In case you don't know what R.B.G. stands for, this is the well known abbreviation for Supreme Court Justice Ruth Bader Ginsburg who, in recent years, has become a pop culture phenomenon. Only the second woman ever to be nominated to the US Supreme Court - where she served as the only female judge until Sotomayor was appointed - an advocate for equality and women's rights, infamously portrayed by the impeccable Kate McKinnon on Saturday Night Life and one of the most well known people holding office in the United States – R.B.G. even has her own hashtag. And here we finally have her story in movie form.
With a solid performance by Felicity Jones as R.B.G., 'On The Basis Of Sex' immediately greets the viewer with the apparent misogyny of post WW2 America. Not that it's much different today but that's a whole other can of worms and makes this film a rather timely piece despite its dated setting. Ruth is one of only nine women accepted to Harvard Law School, where her husband Marty also studies Law. The rampant sexism and inequality isn't even the worst Ruth has to deal with. Issues arise with her husband and all of a sudden she has double the work load while looking after hubby and baby. In short, not everyone would have been able to cope, but this is Ruth Bader Ginsburg, the undeterred warrior and epitome of badassery we know, so it's no surprise that Ruth is invested to remedy the situation. She famously fought for gender equality and took this and more before the Supreme Court and 'On The Basis Of Sex' tells the story of her struggle to overturn over a century of sexual discrimination.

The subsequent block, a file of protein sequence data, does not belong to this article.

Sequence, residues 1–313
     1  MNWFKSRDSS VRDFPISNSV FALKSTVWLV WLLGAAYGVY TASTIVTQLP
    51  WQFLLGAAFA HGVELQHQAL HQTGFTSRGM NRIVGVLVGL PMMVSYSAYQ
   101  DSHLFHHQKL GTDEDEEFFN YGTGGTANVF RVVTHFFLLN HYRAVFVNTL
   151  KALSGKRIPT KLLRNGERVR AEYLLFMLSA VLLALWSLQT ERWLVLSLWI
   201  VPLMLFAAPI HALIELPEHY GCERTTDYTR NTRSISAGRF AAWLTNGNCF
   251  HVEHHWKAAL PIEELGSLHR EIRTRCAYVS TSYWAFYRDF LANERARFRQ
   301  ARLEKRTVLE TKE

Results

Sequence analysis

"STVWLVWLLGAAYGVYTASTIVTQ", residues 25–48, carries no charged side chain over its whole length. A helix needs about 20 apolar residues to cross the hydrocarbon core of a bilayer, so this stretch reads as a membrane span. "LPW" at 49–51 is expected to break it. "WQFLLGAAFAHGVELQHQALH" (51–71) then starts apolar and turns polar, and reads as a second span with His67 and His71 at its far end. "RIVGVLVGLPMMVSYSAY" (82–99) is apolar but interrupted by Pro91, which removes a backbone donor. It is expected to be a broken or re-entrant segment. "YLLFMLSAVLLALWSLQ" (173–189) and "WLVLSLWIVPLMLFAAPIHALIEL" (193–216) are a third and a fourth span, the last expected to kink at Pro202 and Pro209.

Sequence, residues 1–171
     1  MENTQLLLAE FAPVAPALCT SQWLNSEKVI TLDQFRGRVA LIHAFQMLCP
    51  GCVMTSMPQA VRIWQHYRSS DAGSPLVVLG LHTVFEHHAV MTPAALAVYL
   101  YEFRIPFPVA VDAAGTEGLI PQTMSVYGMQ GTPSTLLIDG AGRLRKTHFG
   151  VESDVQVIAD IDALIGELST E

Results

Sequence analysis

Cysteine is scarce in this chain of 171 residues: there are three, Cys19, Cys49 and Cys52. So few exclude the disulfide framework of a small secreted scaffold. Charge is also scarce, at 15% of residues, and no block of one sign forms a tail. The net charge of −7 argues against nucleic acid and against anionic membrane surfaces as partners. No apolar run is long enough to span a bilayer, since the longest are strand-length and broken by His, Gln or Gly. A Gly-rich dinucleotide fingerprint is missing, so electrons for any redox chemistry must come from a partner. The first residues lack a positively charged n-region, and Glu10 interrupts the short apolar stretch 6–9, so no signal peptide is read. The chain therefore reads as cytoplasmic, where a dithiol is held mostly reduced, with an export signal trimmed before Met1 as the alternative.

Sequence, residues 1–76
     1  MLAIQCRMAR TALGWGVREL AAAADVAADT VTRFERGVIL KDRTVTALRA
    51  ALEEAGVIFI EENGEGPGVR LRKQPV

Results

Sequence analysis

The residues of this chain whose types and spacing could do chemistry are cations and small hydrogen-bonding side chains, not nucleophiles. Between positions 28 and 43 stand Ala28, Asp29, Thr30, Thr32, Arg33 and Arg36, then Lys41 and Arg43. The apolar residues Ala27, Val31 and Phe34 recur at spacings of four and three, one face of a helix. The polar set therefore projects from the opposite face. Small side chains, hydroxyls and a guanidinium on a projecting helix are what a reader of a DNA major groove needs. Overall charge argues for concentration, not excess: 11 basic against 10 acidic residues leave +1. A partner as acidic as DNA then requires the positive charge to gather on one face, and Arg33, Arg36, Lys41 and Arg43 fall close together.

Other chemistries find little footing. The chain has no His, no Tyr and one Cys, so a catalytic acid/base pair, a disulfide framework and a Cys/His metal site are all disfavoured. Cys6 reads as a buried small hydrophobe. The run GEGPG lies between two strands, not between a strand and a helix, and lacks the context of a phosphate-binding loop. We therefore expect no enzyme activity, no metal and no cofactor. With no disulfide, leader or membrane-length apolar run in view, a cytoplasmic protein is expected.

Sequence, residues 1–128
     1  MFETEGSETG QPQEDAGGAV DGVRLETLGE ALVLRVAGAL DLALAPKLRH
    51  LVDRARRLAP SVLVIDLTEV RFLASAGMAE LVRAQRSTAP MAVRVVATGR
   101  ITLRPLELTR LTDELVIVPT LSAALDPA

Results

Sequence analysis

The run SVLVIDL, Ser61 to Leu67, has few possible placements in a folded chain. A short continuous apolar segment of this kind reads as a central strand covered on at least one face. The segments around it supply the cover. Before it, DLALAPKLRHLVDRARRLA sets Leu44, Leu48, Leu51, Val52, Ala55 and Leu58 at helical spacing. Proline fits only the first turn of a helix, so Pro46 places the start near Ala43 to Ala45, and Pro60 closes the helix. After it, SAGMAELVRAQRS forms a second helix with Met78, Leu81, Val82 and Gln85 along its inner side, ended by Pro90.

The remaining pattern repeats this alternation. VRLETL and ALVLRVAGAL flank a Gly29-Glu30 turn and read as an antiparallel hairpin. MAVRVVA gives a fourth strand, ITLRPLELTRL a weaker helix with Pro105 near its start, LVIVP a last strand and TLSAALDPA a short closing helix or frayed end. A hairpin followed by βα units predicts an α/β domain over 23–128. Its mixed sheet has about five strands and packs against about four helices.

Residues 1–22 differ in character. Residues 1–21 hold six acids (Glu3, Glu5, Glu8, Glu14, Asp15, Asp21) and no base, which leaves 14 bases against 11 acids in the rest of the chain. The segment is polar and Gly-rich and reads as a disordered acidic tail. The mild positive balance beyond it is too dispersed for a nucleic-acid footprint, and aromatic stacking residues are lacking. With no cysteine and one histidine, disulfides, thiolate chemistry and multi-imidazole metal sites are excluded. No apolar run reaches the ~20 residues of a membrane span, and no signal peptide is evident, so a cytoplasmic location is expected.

Like most biopics 'On The Basis Of Sex' falls into the trap of checking off bullet points of important events in the life of our protagonist, showing you all stepping stones so you understand where she eventually ends up. It makes for dreary storytelling with heavy pacing issues that even the captivating and charming Felicity Jones and Armie Hammer (playing Ruth's husband Marty) cannot fully make up for. Worth mentioning Kathy Bates as Dorothy Kenyon, a lawyer and activist Ruth contacts during the proceedings as well as Justin Theroux as Mel Wulf, a lawyer for the ACLU who helps Ruth with her case. Overall a great cast that should deserve a spunkier script, worthy of the world-changing people it's trying to depict. If only the film had half as much fighting spirit as its protagonist this would have been an electrifying and entertaining piece of cinema, worth recommending not just to women studies majors.
As interesting as it is to learn about the Notorious R.B.G. I couldn't help but feel let down by the narrative structure, especially the ending, which in my opinion wasted a huge opportunity to go out with a poignant bang (I won't spoil it for you). That is not to say the film is a waste of time. There are plenty of moments of greatness and entertainment, which made me wish even more that the rest was more coherent, well paced material to make for a good film. But overall I couldn't help but feel disappointed, let down by a film that could easily have hit home on the epic awesomeness R.B.G is known for. I'm a huge fan of this brilliant woman, who has fought and achieved so much, having a profound impact on the world and with only a few tweaks this film could have done her justice.